Category Archives: Greek Revival

Foster House Hotel (1843)

Foster House Hotel

The building at 50 North Elm Street in Westfield was built in 1843 as a hotel by Micajak Taylor. In the 1850s the building was known as the Pontoosic House Hotel and from the 1890s the hotel and tavern/restaurant was known as the Foster House. Thought to be the oldest continuously operated tavern in western Massachusetts, the Foster House has now been closed for several years.

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Stockbridge Town Hall (1839)

Stockbridge Town Hall

In 1839, the Town of Stockbridge built a Greek Revival-style Town Hall building on land owned by the Congregational Church with the stipulation that the property would revert to the church if the town moved out of the building. In 1884, the town did build a new Town Hall at 34 Main Street, but called it “Town Offices” in order to retain the 1839 building. In 1903, the town moved back to the original building, but enlarged it: the original section was rotated ninety degrees and joined to a new Neoclassical front section, designed by architect Harry E. Weeks of Pittsfield. In 2008, the town moved out of the 1839/1903 building (6 Main Street) and relocated to a former school building at the other end of Main Street.

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Root House (1840)

Root House

Known as the Root House, the house at 63 Broad Street in Westfield was built c. 1840.

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East India Marine Hall (1825)

East India Marine Hall

East India Marine Hall, on Essex Street in Salem, was constructed in 1824-1825 by the East India Marine Society. The Society had been founded in 1799 as a charitable and educational organization whose membership consisted of ship masters or supercargos who had sailed around either Cape Horn or the Cape of Good Hope. The Society also maintained a library and a museum, called a ‚Äúcabinet of natural and artificial curiosities.” The Society rented rooms in the Stearns Block from 1799 to 1804 and, needing more space for its growing collections, in the Salem Bank Building from 1804 to 1825. Again needing more space, the Society moved into the new East India Marine Hall, which was dedicated on October 14, 1825. The building was designed by architect Thomas Waldron Summer. In 1867 the society deposited its collections with the newly established Peabody Academy of Science which also bought the East India Marine Hall. Additions were been made the the Hall over the years as the institution grew into today’s Peabody Essex Museum, but East India Marine Hall has maintained its original appearance. The building’s grand banquet hall is available to rent for events.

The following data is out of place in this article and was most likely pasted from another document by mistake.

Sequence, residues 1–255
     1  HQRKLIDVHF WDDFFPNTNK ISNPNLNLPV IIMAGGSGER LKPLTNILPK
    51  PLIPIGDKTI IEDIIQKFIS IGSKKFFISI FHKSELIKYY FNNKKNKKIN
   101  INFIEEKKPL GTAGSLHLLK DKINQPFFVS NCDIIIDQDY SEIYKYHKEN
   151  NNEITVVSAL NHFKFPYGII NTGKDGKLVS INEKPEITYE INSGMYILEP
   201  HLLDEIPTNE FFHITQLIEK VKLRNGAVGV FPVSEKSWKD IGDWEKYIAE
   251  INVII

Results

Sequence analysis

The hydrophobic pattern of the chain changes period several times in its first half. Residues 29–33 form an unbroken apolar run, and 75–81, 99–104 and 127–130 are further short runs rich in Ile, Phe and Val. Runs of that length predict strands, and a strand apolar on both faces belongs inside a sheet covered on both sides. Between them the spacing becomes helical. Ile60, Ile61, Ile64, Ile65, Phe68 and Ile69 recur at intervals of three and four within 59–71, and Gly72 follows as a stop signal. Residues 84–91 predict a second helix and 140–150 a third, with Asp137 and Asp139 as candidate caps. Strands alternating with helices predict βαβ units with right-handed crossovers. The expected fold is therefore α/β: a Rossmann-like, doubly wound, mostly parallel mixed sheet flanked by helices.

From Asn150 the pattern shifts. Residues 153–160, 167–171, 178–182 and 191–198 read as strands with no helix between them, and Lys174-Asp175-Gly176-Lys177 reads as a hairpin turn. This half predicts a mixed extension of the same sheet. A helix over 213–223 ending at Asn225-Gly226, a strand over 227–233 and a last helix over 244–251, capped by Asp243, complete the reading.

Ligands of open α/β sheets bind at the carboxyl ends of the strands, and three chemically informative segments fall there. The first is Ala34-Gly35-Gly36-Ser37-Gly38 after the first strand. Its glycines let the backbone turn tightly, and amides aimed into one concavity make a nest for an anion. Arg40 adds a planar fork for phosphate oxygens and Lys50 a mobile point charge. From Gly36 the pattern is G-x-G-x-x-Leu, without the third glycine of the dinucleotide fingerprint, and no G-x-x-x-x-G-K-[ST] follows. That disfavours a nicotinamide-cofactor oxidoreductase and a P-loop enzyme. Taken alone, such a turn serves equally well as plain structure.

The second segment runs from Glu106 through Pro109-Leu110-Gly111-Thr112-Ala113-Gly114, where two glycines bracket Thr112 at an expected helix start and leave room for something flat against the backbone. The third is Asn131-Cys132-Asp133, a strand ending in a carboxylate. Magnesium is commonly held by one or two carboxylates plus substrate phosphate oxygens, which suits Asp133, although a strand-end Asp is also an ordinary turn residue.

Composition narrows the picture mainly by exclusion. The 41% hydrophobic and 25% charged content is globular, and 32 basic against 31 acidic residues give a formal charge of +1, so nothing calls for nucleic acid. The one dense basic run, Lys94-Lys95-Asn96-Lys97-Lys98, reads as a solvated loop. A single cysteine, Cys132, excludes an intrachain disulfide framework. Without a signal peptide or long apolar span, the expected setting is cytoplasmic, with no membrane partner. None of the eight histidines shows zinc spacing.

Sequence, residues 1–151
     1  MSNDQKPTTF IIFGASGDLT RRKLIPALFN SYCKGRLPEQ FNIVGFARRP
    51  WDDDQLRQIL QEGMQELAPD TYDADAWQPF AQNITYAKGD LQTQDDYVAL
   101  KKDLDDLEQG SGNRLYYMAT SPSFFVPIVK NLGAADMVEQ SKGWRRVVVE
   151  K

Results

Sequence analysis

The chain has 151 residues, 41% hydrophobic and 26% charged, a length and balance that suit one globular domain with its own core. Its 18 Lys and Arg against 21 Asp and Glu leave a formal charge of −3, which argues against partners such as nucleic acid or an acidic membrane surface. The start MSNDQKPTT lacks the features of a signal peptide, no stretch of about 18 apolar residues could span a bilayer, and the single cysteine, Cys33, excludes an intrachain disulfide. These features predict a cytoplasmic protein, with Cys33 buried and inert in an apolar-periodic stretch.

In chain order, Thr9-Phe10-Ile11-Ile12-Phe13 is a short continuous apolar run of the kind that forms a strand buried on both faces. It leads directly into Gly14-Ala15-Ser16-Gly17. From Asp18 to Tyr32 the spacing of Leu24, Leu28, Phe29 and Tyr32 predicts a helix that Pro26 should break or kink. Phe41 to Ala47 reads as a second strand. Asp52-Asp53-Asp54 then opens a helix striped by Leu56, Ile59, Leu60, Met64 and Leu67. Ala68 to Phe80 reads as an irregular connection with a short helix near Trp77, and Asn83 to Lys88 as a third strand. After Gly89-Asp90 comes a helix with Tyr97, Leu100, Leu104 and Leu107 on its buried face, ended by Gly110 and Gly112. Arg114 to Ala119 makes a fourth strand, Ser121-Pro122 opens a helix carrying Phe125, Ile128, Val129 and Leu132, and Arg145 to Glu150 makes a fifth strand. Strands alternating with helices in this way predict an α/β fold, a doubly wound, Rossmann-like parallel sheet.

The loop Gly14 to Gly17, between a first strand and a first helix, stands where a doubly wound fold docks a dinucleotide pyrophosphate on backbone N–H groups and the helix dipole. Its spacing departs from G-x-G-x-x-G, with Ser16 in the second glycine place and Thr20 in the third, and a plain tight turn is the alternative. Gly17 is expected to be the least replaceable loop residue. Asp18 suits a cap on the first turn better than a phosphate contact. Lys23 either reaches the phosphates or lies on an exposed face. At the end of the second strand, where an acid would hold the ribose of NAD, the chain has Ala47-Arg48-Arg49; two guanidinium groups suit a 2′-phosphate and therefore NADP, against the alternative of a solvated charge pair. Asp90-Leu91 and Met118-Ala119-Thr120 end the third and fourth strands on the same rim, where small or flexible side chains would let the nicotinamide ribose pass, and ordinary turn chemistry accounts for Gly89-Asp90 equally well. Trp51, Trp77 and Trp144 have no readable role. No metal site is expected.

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Wauregan Paper Company (1879)

Wauregan Hall

Located at 418-420 Dwight Street, between the first and second level canals in Holyoke, is an old mill building constructed by James H. Newton in 1879. Newton had purchased the land from his brothers, David H. and John C. Newton, in 1871. The Newton family established many industrial concerns in Holyoke. The Wauregan Paper Company purchased the mill from Newton in 1880 and used it to produce book papers. In 1899, the company was incorporated into the American Writing Paper Company. The building, known as Wauregan Hall, continued to be used over the years for light manufacturing. It was acquired in 2009 by three artists from San Francisco who have plans to transform it into a European-style in-door market for artisanal food producers. (more…)

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Boylston Town Hall (1830)

Town Hall, Boylston

The cornerstone of the old Town Hall of Boylston was laid on August 21, 1830 and the building was completed later that year. Construction of the granite ashlar building was made possible by donations from Ward Nicholas Boylston, a prominent Boston merchant who appreciated that the town had been named for his family in 1786. The first floor of the Town Hall housed a school room, while the upper floor contained a hall for public meetings. The building is now the museum of the Boylston Historical Society.

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Worcester County Courthouse (1845)

Worcester County Courthouse

Early county courthouses in Worcester were built in 1733, 1751 and 1802. A granite courthouse with six columns, designed in the Greek Revival style by Ammi B. Young, was built between 1843 and 1845. An addition to the southwest corner of the building, designed in a Greek Revival/Victorian style by Stephen C. Earle, was made in 1878. In 1898-1899 a major expansion and remodeling of the building took place. The original courthouse portico was removed and a new facade created on Main Street which incorporated the original six columns and two new ones made to match the originals. The new facade, designed by Andrews, Jaques and Rantoul, features two pavilions (the one on the south is the original courthouse), with two columns each, flanking a central section with four columns. The Courthouse, located at 2 Main Street off Lincoln Square, is currently vacant.

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